Friday, June 29, 2012

Adventures with Wild Yeast Sourdough

My first ever sourdough bread.

Living here at a camp in the middle of the forest we tend to live a more communal lifestyle. We often have pot-luck dinners, help each other out with projects, that sort of thing. It's almost like living in a small community of its own.

I named my starter "Boris".

This also means ideas can spread quickly. So 2 weeks ago when one of the backpackers here made a simple comment that they'd like to make sourdough, it wasn't long before a whole bunch of us jumped on the bandwagon and we all decided to give it a whirl. And now we are officially obsessed. The staff room is littered with jars full of sourdough starters bubbling away, and all we ever seem to talk about is air temperature and flour to water ratios; it is more like a science lab than a tea room.

In case you didn't know, sourdough is made (at least in this case) without the use of commercial yeast. To put it very simply: you make a little mixture of flour and water (known as the starter or levain) and let it sit in a warm spot, you also feed it regularly with more flour and water. Slowly the wild yeast spores (from the air or in the flour itself) will become activated in your concoction and bubbles will appear and the mixture will also start to smell fruity and sour. That's when it's good to go. So then you just use some of the starter as a base for your bread, and you just add more flour or whatever else you like to create your bread. As well as being a fun process, homemade natural sourdough tastes really delicious and will have a distinctive taste, bread will also be cheaper to make because you wont need commercial yeast. The starter can also be maintained in your fridge so you can just use it at will.

Sourdough starters can also be used to make other things like pancakes (I can attest to these being awesome, they are extra soft and tasty) and I've also made crumpets with it (see photo below), they were yum but fiddly to make. Other favourite uses are pizza dough and I even successfully used sourdough to make a chocolate cake! Delicious! (Though I'm tweaking that recipe to get it just right.) Watch this space!

Crumpets, one of the fun things you can do with your sourdough starter.

I could go into huge depth about the ins and outs of making sourdough, but then this post would turn into a novel. So if you're keen to learn more about it here are a few links to recipes I've used, but be warned you may turn into a sourdough nerd like me! Or if you are already sourdough obsessed, feel free to drop me some comments about what you love to make with your sourdough starters or any recipes or hints or tips.

Link to the sourdough starter recipe I used.

Link to the sourdough bread recipe I most often use.

Link to the crumpet recipe I used.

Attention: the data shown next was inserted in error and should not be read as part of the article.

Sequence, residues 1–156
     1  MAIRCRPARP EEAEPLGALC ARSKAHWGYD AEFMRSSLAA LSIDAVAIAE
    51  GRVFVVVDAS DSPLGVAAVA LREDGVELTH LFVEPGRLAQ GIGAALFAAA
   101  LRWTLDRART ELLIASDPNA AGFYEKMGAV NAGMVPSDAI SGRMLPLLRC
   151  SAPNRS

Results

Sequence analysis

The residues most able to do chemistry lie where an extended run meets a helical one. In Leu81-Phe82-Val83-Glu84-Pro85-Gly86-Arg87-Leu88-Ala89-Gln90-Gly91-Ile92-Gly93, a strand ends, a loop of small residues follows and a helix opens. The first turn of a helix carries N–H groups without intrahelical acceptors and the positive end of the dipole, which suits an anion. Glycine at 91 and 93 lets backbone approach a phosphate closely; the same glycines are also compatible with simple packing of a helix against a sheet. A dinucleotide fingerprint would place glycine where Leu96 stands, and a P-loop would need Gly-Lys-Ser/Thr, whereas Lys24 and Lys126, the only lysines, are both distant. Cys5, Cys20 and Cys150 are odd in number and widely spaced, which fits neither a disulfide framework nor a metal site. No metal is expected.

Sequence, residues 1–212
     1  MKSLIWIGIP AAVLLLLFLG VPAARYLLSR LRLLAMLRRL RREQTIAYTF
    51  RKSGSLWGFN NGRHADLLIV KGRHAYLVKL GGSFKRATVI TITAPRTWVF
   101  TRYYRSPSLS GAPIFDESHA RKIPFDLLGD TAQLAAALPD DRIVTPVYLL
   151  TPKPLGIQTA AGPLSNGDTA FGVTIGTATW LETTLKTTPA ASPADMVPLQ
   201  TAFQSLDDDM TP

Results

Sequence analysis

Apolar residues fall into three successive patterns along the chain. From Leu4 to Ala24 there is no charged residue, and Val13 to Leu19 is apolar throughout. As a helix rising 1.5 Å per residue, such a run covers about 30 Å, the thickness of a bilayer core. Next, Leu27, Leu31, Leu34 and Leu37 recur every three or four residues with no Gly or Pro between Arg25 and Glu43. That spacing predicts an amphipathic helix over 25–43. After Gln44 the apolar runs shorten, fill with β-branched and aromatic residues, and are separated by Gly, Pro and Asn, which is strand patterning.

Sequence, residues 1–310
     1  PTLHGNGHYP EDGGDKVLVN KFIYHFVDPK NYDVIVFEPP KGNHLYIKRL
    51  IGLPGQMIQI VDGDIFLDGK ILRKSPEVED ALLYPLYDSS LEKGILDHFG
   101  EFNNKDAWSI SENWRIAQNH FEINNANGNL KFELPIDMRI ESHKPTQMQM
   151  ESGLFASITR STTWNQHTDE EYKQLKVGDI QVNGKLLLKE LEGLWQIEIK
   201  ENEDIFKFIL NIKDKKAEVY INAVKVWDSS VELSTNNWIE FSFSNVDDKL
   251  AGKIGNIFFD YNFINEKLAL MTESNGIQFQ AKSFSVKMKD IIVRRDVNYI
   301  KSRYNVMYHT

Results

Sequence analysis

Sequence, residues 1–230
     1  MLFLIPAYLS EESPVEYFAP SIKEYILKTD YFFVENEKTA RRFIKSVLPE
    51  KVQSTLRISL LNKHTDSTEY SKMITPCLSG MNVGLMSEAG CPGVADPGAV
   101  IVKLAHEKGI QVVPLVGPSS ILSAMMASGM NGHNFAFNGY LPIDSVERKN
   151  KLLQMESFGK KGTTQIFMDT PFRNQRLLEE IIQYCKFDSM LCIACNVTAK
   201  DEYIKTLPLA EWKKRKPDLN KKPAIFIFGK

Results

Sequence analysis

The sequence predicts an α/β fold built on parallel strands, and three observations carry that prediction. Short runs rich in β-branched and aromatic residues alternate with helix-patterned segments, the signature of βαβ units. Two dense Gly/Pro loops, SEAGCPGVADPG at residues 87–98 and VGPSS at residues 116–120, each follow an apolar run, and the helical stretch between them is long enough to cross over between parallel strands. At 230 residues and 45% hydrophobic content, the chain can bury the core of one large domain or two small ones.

Edit: It has now been 2 months and we are still obsessed with sourdough and our breads are looking (and tasting) better than ever. We've tried several new recipes so I thought I'd share some of my new faves that I have been making repeatedly with great success:

Link to sourdough chocolate cake recipe. (A really moist and yummy cake, and I don't even like choc cake!)

Link to sourdough bagel recipe. (By the way I make this by hand, you don't need a mixer)

Link to sourdough pizza crust. (I don't use a bread machine, I just mix it by hand then rise it for a few hours for the 'first rise' before dividing and rolling.) Works well.

Sunday, June 17, 2012

Dark Rye Bread, and snow!

The past couple of weeks have been pretty cool. And I mean that quite literally. We had a huge dump of snow here in Hanmer Springs. 

I've never lived anywhere where it has snowed before (the tiny sprinkle we had in Timaru doesn't count) so I've been super excited. It was such a novelty for me that even shovelling snow became a fun experience. 

"Everyday I'm shovelling"

 It really has been a winter wonderland here, and every morning waking up and heading out the door I felt like I was in a dream. It has been amazing. also has been super cold! Great weather for soups and home-made bread. 

A bread I especially love is rye bread. It's so hearty and tasty, and seems to compliment winter soups so well. Here's the base recipe for the rye bread I enjoy making, but feel free to add any spices like caraway or ground cardamom if you want to add some extra zing. I hope you are enjoying winter as much as I am!


3 teaspoons active dried yeast
1 & 1/2 cups warm water
2 tablespoons golden syrup
2 tablespoons oil
1 & 1/2 teaspoons salt
2 cups of high grade flour
1 & 1/2 cups rye flour
2 tablespoons cocoa powder
1 teaspoon instant coffee powder
optional - 1 teaspoon of spice, I recommend either caraway seeds or ground cardamom


Add the first five ingredients to a bowl. Add one cup of the high grade flour. Mix well, then cover the bowl and let it stand in a warm place for about 15 minutes.

Stir in the rest of the high grade flour along with the rye flour, cocoa powder, coffee powder and any spices you wish to add. (add extra flour or water as needed to make a dough to knead.)

Knead dough for about 10 minutes. It should become more elastic and spring back when touched.

Cover and place in a warm spot for about 30 minutes.

Knead again for only a minute ,then using floured hands pat the dough into a smooth ball shape.

Place onto a lightly floured baking tray and let it sit in a warm spot again for about an hour.
Bake at 200 Celsius for approx 30 minutes.